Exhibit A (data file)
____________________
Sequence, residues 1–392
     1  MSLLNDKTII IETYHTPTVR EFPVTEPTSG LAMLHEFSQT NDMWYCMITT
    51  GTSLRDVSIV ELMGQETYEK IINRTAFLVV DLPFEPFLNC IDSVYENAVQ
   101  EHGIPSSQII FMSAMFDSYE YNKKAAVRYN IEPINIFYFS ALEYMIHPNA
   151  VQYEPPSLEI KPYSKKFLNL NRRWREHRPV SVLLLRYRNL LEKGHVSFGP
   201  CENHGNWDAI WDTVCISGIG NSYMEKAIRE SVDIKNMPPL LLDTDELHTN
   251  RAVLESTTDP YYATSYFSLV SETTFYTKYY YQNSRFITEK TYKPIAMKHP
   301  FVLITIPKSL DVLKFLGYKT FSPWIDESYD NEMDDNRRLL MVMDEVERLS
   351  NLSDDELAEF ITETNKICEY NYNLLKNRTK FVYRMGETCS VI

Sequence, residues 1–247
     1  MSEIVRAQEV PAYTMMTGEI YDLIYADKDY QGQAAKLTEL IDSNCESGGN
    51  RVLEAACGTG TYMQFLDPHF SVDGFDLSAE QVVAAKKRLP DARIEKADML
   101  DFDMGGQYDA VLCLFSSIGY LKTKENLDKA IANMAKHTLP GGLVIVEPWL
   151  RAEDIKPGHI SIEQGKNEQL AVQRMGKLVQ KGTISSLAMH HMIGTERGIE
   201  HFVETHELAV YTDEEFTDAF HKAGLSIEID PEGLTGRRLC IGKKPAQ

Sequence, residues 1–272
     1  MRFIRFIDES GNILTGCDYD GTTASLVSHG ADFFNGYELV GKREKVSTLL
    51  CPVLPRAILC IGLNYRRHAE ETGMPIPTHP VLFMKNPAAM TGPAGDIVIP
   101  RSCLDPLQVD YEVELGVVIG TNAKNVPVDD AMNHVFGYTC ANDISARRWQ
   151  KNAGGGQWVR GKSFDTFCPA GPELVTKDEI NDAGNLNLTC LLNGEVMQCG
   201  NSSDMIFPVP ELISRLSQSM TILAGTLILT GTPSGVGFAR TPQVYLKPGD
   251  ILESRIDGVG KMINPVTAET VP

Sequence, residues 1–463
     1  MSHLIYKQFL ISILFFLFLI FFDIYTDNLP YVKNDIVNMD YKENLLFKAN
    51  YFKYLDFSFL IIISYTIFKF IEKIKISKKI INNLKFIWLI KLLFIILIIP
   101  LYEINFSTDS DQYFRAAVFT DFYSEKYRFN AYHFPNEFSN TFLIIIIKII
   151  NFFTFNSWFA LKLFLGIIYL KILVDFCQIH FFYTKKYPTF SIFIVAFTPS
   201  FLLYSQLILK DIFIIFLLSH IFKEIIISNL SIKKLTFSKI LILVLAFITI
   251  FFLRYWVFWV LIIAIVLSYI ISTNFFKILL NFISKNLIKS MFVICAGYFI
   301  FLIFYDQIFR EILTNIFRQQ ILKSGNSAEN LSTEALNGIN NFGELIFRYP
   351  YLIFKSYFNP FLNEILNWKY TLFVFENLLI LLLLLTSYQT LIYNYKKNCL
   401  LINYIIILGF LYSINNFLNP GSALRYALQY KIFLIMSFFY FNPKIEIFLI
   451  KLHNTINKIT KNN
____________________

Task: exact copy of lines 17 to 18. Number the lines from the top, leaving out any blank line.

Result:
     1  MRFIRFIDES GNILTGCDYD GTTASLVSHG ADFFNGYELV GKREKVSTLL
    51  CPVLPRAILC IGLNYRRHAE ETGMPIPTHP VLFMKNPAAM TGPAGDIVIP